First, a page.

In situ feeding and metabolism of glass sponges (Hexactinellida, Porifera) studied in a deep temperate fjord with a remotely operated submersible

  title={In situ feeding and metabolism of glass sponges (Hexactinellida, Porifera) studied in a deep temperate fjord with a remotely operated submersible},
  author={Gitai Yahel and Frank A. Whitney and Henry M. Reiswig and Dafne Eerkes-Medrano and Sally P. Leys},
  journal={Limnology and Oceanography},
Glass sponges are conspicuous inhabitants of benthic communities in the cool waters of the Antarctic and north Pacific continental shelf. We used an ROV outfitted with a new device for simultaneous sampling of water inhaled and exhaled by the sponges to provide the first data on the nutritional ecology and metabolism of two glass sponge species in their natural deep‐water habitat (120–160 m). Aphrocallistes vastus and Rhabdocalyptus dawsoni were found to be mostly bacteriovores, removing up to… 

Size independent selective filtration of ultraplankton by hexactinellid glass sponges

It is suggested that selective filtration involves individual processing, recognition, sorting, and transport of each particle through the sponges' syncytial tissue in order to shape microbial communities in the detrital food web of North-East Pacific fjords.

In situ direct study of filtration and respiration rate of Mediterranean sponges = Estudio in situ de la filtración y la respiración de esponjas mediterráneas

This study focused on ecophysiology of five of the most prominent sponge species dwelling the coralligenous community in the NW Mediterranean Sea, and employed an energetic approach to understanding the complex interactions between physiological constrains and seasonal fluctuations of environmental factors experienced by the organism under natural conditions.

Dissolved carbon fixation by sponge–microbe consortia of deep water coral mounds in the northeastern Atlantic Ocean

Results suggest that sponge-associated chemoautotrophic/mixotrophic nitrifying prokaryotes may contribute to the observed CO2 assimilation by sponge-microbe consortia of H. thielei and R. nodastrella.

Natural Diet of Coral-Excavating Sponges Consists Mainly of Dissolved Organic Carbon (DOC)

It is hypothesized that excavating sponges may also benefit from an increasing production of more labile algal-derived DOC on reefs as a result of the ongoing coral-algal phase shift.

Intermittent Hypoxia and Prolonged Suboxia Measured In situ in a Marine Sponge

The results indicate that temporal micro-environments exist in the sponge at alternating locations, providing suitable conditions for the activity of its anaerobic microbial symbionts and suggests a complex and highly localized control of the holobiont’s metabolism.

In situ evidence for pre-capture qualitative selection in the tropical bivalve Lithophaga simplex

It is concluded that particle retention is not strictly size-dependent in L. simplex, and probably involves other cell attributes such as cell surface properties and/or motility.

Differential tolerance capacity of intertidal organisms (sponge and zoanthid) to the environmental stresses: Preliminary findings from a rockpool transplantation experiment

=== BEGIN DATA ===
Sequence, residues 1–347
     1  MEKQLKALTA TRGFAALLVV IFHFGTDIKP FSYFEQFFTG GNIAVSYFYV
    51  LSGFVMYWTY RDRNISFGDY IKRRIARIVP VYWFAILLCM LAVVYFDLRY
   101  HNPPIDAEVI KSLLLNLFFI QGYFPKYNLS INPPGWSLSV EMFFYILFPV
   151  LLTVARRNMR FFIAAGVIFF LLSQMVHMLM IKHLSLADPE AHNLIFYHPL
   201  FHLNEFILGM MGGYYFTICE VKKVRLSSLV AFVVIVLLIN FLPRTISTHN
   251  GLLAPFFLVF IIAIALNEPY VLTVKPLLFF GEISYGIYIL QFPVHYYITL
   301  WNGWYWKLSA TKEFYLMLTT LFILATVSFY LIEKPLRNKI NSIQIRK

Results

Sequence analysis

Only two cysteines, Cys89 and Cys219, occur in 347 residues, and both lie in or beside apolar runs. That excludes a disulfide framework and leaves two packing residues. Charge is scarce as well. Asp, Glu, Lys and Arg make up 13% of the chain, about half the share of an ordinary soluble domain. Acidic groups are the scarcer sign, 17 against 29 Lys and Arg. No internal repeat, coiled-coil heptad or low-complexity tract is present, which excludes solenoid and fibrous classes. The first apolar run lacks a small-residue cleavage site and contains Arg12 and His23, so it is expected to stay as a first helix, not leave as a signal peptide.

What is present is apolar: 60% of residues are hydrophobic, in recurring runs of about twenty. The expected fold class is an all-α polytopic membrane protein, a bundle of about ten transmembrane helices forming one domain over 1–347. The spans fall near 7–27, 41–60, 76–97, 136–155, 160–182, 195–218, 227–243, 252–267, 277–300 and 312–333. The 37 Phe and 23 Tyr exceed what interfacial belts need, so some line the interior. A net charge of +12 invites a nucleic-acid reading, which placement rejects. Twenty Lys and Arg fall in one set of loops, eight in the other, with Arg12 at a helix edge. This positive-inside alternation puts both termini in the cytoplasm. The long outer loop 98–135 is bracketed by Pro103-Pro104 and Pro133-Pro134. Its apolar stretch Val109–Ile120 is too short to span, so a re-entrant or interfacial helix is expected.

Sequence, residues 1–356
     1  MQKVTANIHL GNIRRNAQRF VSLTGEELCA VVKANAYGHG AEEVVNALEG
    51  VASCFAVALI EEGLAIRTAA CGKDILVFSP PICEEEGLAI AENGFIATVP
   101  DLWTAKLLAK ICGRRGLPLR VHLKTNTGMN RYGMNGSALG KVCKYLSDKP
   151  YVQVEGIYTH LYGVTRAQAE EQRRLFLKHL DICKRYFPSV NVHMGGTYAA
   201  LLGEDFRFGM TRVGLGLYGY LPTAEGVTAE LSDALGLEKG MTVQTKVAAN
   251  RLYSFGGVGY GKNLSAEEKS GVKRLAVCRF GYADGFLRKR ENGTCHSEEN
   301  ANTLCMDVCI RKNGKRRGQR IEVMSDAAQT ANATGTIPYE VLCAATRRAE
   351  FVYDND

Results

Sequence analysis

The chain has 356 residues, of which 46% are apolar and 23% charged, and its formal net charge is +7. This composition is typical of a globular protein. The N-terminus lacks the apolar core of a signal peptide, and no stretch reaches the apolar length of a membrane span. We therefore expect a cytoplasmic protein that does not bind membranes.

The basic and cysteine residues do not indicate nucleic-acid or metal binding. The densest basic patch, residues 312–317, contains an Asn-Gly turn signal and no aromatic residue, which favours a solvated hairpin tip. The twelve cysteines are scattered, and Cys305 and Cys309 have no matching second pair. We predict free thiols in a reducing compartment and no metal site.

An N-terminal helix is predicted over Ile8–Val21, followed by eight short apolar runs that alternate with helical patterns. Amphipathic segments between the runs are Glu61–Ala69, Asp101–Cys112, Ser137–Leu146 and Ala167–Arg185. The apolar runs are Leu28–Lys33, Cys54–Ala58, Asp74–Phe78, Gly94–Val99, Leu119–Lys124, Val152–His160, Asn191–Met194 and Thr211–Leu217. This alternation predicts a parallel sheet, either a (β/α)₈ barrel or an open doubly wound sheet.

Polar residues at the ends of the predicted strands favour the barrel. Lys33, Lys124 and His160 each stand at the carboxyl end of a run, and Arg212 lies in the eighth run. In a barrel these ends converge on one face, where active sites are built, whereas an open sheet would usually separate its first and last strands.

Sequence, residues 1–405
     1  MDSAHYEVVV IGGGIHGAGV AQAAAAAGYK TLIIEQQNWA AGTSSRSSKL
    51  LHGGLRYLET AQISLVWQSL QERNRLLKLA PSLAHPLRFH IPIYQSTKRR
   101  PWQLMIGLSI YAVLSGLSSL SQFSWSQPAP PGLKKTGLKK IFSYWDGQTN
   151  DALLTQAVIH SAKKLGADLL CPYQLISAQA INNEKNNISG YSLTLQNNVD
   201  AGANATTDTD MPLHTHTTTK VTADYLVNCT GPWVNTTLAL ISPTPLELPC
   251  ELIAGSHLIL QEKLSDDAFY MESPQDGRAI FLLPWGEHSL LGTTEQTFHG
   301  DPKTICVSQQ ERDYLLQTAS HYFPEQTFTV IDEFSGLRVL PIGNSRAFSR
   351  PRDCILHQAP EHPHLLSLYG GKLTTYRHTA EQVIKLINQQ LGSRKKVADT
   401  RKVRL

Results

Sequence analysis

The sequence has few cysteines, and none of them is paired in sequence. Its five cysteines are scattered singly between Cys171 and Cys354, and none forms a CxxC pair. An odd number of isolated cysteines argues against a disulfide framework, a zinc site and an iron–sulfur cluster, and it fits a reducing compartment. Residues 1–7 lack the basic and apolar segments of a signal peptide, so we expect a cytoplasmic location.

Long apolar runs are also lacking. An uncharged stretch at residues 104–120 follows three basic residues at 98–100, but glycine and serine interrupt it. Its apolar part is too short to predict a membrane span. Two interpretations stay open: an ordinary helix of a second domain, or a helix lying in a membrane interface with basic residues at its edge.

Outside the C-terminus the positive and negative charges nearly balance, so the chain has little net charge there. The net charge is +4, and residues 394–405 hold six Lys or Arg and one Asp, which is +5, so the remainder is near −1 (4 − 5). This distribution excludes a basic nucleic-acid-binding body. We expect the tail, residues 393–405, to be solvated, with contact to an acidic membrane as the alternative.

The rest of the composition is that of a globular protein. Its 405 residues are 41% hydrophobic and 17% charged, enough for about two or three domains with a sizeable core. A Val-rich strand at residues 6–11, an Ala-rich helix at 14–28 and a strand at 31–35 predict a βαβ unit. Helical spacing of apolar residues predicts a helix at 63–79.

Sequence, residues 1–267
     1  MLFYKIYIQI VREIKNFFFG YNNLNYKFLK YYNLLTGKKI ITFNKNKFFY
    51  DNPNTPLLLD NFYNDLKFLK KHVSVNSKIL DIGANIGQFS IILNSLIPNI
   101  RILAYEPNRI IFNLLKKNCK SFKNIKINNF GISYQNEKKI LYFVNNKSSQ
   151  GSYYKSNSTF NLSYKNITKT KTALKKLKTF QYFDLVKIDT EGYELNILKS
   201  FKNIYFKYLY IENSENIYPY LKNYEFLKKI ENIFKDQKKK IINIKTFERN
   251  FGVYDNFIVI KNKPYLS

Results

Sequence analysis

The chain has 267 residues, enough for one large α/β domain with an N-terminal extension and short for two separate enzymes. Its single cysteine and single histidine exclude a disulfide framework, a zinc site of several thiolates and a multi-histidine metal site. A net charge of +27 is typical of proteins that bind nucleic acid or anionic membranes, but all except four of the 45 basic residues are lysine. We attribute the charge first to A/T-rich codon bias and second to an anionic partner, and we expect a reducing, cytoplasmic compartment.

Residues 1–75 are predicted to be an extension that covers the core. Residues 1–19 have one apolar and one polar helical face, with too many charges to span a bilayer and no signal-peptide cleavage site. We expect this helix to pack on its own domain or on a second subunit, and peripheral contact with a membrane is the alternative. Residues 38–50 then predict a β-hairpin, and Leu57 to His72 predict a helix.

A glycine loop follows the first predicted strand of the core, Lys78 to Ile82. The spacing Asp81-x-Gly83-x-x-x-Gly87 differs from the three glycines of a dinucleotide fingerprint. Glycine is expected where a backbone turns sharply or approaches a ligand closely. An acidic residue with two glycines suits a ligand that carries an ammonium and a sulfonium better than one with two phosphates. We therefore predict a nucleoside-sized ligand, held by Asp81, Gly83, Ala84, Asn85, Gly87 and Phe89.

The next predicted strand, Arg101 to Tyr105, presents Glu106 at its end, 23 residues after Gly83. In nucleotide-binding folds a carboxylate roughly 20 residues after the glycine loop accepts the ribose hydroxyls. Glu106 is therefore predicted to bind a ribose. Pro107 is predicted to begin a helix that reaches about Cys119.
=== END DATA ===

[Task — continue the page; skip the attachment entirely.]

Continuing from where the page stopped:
Marine intertidal organisms face extreme environmental fluctuations due to tidal cycles. To investigate the impact of environmental changes (high salinity, sea surface temperature, and anthropogenic



Natural diet and grazing rate of the temperate sponge Dysidea avara (Demospongiae, Dendroceratida) throughout an annual cycle

The results show the importance of particle type (size) for selective uptake in sponges, as well as the relevance of phytoplankton in the sponge diet.

In situ feeding and element removal in the symbiont‐bearing sponge Theonella swinhoei: Bulk DOC is the major source for carbon

The findings indicate that the role of DOC in metazoan nutrition and therole of metazoans in DOC cycling may have been grossly underestimated.

Patterns of glass sponge (Porifera, Hexactinellida) distribution in coastal waters of British Columbia, Canada

Glass sponges are enigmatic members of the deep-sea fauna that inhabit shallow waters in only a few locations world-wide. In order to understand what factors influence the distribution of glass

Sponge-mediated nitrification in tropical benthic communities

The results strongly suggest that sponge-mediated nitrification is not uncommon in tropical marine benthic communities, and might constitute a large input of oxidized nitrogen into those habitats in which sponges abound.

Partial Carbon and Energy Budgets of the Bacteriosponge Verohgia fistularis (Porifera: Demospongiae) in Barbados

The nutrient resource spectrum of Verongia fistularis and other bacteriosponges appears to be overwhelmingly dominated by dissolved organic matter, and thus contrasts strikingly with the present knowledge of nutrition in the normal non-bacteriosponge sponges.

Seasonal variation of in situ feeding rates by the temperate ascidian Halocynthia papillosa

The natural diet and prey capture rate of the temperate ascidian Halocynthia papillosa were studied in the field in a Western Mediterranean population and suggest that factors other than food availability determine the seasonal dynamics of the species.

Plankton availability and retention efficiencies of cold‐seep symbiotic mussels

Overall retention increased with increasing mussel size, though the largest mussels did not retain bacteria, and conservative estimates suggest that nitrogen obtained by filter feeding is similar to that acquired by symbionts and may be an important component in the nutritional requirements of seep mussels.

Discovery of a “Living Dinosaur”: Globally unique modern hexactinellid sponge reefs off British Columbia, Canada

SummaryGlobally unique hexactinellid sponge reefs occur on the continental shelf off British Columbia, Canada. They cover about 425 km2 of seafloor on the continental shelf off British Columbia